Reality is shifting, and no one understands what’s real anymore.
A new version of reality has emerged and it’s manifesting itself in strange phenomena such as Frye Fest, fake news and synthetic influencers. This version of reality – the synthetic layer – sits on top of our senses and language, and has emerged thanks to our powerful digital landscape: social media, television, video games and the interconnected global community. These digital networks alter our perception of what’s real, and reinforce that position through likes, comments and shares. Synthetic reality is rapidly shifting our culture, and it’s time for brands and consumers to understand what is happening to the world around them.
Living in synthetic reality means something different entirely. In its most innocent form, you get oversaturated beach photos and exaggerated selfie smiles filling newsfeeds. No one looks quite like their Instagram photos in ‘real’ life (an entire subreddit exists to document this disconnect). While this misrepresentation is accepted on digital platforms, it has allowed bad actors to exploit synthetic reality to create fabrications like the ill-fated music festival, Frye Fest.
Today, trying to manifest synthetic reality into something that’s physically experienced results in failure and disappointment. As Alfred Korzybski, the father of general semantics, once said, “the map is not the territory”, but in synthetic reality, selling maps is very profitable. Frye Fest wasn’t selling a music festival that consumers could actually experience for themselves. Frye Fest was an aspirational concept that only existed in synthetic reality. When its founders attempted to bring their synthetic reality into physical reality, it resulted in refugee tents and cheese sandwiches.
The disconnect between what is seen and what is experienced is nothing new, of course. The McDonald’s cheeseburger depicted in a commercial is never the same burger you eat in real life. Thanks to powerful mobile apps and social distribution, however, the power to decieve has now been democratized. Collectively, we are experimenting within this new version of reality and figuring out the rules. Every participant in synthetic reality, including consumers, brands and marketers, has a little bit of Billy McFarland (the now jailed creator of Frye Fest) in them as they use Facetune and Snap filters to create themselves as they want others to experience them. Can you blame a generation who has been fed a diet of fake cheeseburgers?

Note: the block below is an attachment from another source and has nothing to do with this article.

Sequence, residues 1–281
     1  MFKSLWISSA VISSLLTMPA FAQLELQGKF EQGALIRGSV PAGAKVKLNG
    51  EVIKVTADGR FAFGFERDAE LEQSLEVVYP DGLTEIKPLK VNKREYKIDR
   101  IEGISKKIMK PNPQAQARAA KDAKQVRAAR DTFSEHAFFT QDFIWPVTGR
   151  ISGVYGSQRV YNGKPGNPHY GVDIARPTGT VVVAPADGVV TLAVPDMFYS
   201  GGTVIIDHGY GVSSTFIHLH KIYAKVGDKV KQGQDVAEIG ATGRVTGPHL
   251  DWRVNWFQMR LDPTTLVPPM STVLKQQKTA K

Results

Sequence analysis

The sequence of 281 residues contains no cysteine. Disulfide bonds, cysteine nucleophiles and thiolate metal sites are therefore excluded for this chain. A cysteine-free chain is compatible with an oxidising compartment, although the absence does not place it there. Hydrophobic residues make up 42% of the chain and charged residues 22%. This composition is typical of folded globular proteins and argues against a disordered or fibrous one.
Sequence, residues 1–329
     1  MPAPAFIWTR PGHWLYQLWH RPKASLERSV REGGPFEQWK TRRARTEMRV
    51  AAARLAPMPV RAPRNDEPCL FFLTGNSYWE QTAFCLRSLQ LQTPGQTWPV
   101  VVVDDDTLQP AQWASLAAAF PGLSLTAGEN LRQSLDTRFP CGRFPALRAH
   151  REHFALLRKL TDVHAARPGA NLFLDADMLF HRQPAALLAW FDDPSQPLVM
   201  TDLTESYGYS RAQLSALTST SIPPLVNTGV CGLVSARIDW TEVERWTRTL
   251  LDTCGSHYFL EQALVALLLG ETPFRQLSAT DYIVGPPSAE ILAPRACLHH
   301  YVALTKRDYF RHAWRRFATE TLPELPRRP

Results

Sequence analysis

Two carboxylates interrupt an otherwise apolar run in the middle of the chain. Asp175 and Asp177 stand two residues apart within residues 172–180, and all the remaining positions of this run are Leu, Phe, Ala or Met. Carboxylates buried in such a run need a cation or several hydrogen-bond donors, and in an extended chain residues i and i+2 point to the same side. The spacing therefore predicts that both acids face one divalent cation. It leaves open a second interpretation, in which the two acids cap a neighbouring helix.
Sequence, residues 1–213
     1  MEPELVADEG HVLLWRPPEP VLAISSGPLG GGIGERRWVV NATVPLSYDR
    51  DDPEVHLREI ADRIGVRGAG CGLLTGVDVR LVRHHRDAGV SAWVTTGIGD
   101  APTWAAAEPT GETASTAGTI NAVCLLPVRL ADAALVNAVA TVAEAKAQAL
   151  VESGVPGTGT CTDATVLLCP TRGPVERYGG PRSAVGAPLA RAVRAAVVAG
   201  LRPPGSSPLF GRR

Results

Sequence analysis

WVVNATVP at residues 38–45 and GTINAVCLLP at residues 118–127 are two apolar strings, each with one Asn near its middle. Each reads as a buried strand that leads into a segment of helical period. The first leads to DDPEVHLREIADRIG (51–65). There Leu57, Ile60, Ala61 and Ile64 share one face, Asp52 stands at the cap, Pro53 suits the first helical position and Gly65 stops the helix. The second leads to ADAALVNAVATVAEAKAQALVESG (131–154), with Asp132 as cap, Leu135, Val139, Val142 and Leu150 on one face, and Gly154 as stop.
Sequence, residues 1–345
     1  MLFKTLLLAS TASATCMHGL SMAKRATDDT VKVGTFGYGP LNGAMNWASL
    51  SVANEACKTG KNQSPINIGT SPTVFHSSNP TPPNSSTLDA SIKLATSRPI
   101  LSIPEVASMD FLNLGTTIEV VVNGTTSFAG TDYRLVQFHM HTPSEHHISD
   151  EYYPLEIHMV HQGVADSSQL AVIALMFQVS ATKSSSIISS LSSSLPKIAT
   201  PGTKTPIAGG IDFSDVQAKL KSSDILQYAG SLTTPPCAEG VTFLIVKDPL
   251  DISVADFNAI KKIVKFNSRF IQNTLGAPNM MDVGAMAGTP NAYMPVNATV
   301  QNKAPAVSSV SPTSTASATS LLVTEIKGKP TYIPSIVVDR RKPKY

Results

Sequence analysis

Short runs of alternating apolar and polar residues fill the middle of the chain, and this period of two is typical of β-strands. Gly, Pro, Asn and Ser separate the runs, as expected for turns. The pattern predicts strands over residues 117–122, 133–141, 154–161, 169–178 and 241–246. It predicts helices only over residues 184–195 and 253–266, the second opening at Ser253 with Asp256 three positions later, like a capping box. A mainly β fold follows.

Augmented and virtual reality – literal lenses in to the synthetic world – are the final tools of the third reality. Adding a synthetic layer on top of the real world is the physical manifestation of our new reality. This will allow every physical object to have a digital doppelganger, in what Wired’s Kevin Kelly calls the Mirror World. Every thing will be connected to every one, and increasingly, entities of entirely synthetic origin.
Synthetic influencers, characters made in 3d modeling software who live in Instagram, are digital manipulations with millions of followers, real world brand deals and social activist causes. AR and VR will break synthetic influencers out from the confines of a mobile screen. Future synthetic influencers will attend events, store openings and trendy pop-ups, bringing synthetic reality brands with them.
Legacy brands will need to blur the line between these two worlds, cautious of the strange place they must sit. But emerging brands can exist completely in the third reality, seamlessly blending its physical and digital variants. This can best be observed today in companies making the tools to usher in synthetic reality. These brands are already being acquired for hundreds of millions dollars. Looksery, for example, were the makers of the now ubiquitous animated face filters, who sold to Snap for $150m two years ago. Such filters are now a hallmark of Snap and Instagram stories, and they serve as a bridge to bring everyday people, and brands, into synthetic reality.
The megahit Fortnite is further taking over physical reality, as its digital world replaces physical spaces, like the mall or Starbucks, as a place for teenagers to hang out. Gen Z can spend time in this digital location at any time, no matter where they are physically. They spend real dollars, to the tune of $350m+ a month, to alter their digital appearance, standing out or fitting in just like everyone does in physical reality.
Times of great transition lend themselves to great opportunity for those who can read the writing on the wall and take action. Legacy brands were built on the shoulders of radio and TV. Today’s brands were developed on digital and social networks. The brands of tomorrow will be created in synthetic reality, and those creations are starting right now. It starts with tools like Looksery, and infrastructure, like Fortnite. Future synthetic brands will seamlessly blend technologies like synthetic influencers, artificial intelligence, AR and VR to manufacture a brand experience that exceeds Billy McFarland’s wildest post-truth dreams.